Wednesday, January 19, 2011

Breastfeeding is Trying to Kick My Butt

I had always thought that breastfeeding was the most natural thing in the world.  Mothers for thousands of years had breastfed their babies, since bottles are a fairly recent invention.  I naively thought that Kylie would be born and within a half an hour she would be nursing like a champ.  I'd be able to keep her exclusively on breast milk for the entire first year because not only was it the best nutrition for her and allowed special bonding between us, it was a whole hell of a lot cheaper than formula.

Insert foot in mouth.  Or possibly all the way down my esophagus.

I think breastfeeding has been the hardest thing I have ever done in my whole entire life.  Graduation speech in front of hundreds of people, psh.  Winning the state championship with my horse, easy peasy.  Giving birth, piece of cake.  Breastfeeding?  Kicking my butt big time.

I had dutifully read all the handouts and booklets my doctor had given me about breastfeeding.  I'd read the section in What to Expect While You're Expecting and What to Expect The First Year.  I knew the difference between the cradle and cross cradle hold.  I knew the importance of a good latch. 

Fast forward to the hospital.  I'd just gone through 13 hours of labor.  I had a brand spanking new baby, a tired cranky husband, and I was exhausted.  Both Rex and I were scared shit less of this tiny little person we had created.  The nurses get both Kylie and me cleaned up and into our recovery room where we would spend the next day and a half.  Then the fateful words, "You can breastfeed your baby now," and I look at the nurse, my boobs, and then Kylie like, "How in the world am I supposed to do this?"  She takes pity on me and shows me how to properly hold Kylie and how to get her to latch on, except that Kylie doesn't latch on.  And doesn't latch on.  And doesn't latch on.  I'm starting to freak out a little now.  The nurse tells me not to worry, this is normal since a lot of babies are pooped after birth since it was a strenuous time for them as well.  Ok.  So an hour later they have me try again.  She latches on, but with her tongue on top and is frustrated that when she nurses no milk is coming out.  We finally get her to latch on properly, but then she won't nurse.  She just lays there, my boob in her mouth, not even attempting to nurse.  So I try to get her to latch on again to see if that will work.  No dice.  Nothing.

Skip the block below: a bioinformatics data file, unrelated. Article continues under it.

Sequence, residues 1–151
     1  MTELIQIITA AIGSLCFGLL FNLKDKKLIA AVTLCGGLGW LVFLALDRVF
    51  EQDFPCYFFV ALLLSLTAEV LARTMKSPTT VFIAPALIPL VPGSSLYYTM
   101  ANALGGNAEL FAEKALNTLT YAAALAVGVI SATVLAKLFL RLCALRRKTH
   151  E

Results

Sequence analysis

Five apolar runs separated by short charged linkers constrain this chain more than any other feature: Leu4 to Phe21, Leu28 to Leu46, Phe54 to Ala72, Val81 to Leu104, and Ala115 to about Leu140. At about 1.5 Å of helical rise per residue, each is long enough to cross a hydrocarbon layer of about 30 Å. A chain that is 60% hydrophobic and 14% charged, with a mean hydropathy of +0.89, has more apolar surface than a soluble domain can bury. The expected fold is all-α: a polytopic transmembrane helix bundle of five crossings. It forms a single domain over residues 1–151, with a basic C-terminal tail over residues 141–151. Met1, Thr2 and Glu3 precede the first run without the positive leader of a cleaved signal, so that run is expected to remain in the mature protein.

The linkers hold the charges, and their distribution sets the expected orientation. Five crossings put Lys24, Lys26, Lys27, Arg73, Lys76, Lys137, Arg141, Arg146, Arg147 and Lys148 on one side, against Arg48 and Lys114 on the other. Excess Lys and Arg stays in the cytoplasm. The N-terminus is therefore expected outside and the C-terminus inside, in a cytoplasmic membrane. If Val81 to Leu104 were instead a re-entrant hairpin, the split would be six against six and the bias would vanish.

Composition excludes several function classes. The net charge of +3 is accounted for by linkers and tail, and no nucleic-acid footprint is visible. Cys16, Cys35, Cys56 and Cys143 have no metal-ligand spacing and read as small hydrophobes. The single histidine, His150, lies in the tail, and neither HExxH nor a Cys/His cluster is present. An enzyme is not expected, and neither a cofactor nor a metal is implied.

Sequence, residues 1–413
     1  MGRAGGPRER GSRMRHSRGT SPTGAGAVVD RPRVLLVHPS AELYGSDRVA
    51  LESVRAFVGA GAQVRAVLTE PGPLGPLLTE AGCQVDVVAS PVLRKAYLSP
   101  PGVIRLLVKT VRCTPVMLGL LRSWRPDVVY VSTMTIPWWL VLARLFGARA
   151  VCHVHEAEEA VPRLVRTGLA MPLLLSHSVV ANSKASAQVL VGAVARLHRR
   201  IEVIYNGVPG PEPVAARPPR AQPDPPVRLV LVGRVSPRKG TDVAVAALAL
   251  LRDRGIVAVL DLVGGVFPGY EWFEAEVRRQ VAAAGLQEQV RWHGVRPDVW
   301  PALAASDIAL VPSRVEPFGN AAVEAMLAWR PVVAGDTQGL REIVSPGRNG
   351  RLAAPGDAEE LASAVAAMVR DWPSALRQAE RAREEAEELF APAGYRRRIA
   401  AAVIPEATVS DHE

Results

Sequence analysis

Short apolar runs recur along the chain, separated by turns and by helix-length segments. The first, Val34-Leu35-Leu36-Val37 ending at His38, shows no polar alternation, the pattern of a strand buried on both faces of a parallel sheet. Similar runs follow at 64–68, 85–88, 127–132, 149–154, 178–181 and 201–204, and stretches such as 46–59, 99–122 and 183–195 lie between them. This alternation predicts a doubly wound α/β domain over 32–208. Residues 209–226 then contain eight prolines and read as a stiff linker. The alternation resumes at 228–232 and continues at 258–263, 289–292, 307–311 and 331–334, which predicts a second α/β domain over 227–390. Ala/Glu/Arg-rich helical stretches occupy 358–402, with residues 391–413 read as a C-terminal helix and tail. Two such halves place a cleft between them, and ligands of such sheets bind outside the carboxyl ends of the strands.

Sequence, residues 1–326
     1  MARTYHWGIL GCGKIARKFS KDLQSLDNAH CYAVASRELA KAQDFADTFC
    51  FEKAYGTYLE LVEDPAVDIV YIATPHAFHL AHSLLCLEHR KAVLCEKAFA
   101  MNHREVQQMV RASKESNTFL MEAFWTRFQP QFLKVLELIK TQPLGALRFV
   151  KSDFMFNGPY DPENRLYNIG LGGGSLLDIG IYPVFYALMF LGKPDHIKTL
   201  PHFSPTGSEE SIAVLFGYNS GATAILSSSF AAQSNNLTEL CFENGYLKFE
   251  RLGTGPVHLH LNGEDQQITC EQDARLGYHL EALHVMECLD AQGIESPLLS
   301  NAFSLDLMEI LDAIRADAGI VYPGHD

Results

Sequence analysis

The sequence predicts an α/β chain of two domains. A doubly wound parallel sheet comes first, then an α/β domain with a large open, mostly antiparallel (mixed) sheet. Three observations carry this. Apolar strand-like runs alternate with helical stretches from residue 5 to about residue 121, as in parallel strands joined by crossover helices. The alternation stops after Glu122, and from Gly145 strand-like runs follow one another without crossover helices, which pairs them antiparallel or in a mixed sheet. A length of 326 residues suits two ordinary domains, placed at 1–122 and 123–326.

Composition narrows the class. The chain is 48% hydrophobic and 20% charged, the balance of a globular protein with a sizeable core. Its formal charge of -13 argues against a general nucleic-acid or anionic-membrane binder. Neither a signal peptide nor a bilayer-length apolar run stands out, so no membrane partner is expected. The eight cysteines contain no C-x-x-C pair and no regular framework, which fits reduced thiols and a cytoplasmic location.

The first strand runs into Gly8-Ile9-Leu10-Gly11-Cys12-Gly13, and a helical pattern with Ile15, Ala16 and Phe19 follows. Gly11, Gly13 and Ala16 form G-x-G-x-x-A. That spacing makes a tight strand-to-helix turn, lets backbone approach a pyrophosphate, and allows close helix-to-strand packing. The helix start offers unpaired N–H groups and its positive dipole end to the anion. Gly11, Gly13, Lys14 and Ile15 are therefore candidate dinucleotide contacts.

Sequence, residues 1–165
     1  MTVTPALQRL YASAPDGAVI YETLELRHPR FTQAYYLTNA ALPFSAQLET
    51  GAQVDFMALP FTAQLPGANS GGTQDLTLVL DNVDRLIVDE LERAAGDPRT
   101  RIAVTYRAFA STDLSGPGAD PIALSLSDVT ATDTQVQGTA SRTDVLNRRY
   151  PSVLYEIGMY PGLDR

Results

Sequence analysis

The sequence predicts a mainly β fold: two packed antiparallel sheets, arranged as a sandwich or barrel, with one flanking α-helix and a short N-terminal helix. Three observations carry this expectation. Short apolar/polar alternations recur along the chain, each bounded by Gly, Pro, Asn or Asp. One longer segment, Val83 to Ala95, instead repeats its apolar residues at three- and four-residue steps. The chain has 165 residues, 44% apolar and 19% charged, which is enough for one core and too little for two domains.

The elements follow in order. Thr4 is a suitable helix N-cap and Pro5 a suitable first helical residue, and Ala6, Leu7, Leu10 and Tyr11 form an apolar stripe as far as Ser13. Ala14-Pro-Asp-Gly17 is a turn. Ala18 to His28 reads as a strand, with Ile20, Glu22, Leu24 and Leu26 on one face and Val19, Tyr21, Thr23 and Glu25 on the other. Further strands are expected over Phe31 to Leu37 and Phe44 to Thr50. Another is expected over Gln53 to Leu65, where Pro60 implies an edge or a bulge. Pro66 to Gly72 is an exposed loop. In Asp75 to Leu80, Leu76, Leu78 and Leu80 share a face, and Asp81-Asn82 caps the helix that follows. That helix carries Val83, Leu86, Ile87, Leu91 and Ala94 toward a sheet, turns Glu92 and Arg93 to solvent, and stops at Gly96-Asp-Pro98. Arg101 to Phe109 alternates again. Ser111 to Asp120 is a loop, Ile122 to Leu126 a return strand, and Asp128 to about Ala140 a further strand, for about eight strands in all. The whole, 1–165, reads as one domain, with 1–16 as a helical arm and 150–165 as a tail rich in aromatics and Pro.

This continues for the first 10 hours of Kylie's life.  We can't get her to nurse.  If she latches on improperly she tries to nurse but can't get milk because of her latch, and then if she latches on properly we can't get her to nurse at all.  No amount of cheek stroking and back rubbing can get her to do it.  They say nothing is wrong with my boobs or with Kylie that would prevent her from nursing.  One nurse even gets a bottle nipple to see if Kylie will latch on to do that, and she does with no problem.  So the nurse immediately takes it out, since there is obviously nothing wrong with Kylie's little mouth.   We try nursing after that, but still nothing.  The nurses now are trying not to worry me, but they do when they have to test her blood sugar to make sure it's not dipping down to low because she hasn't eaten anything.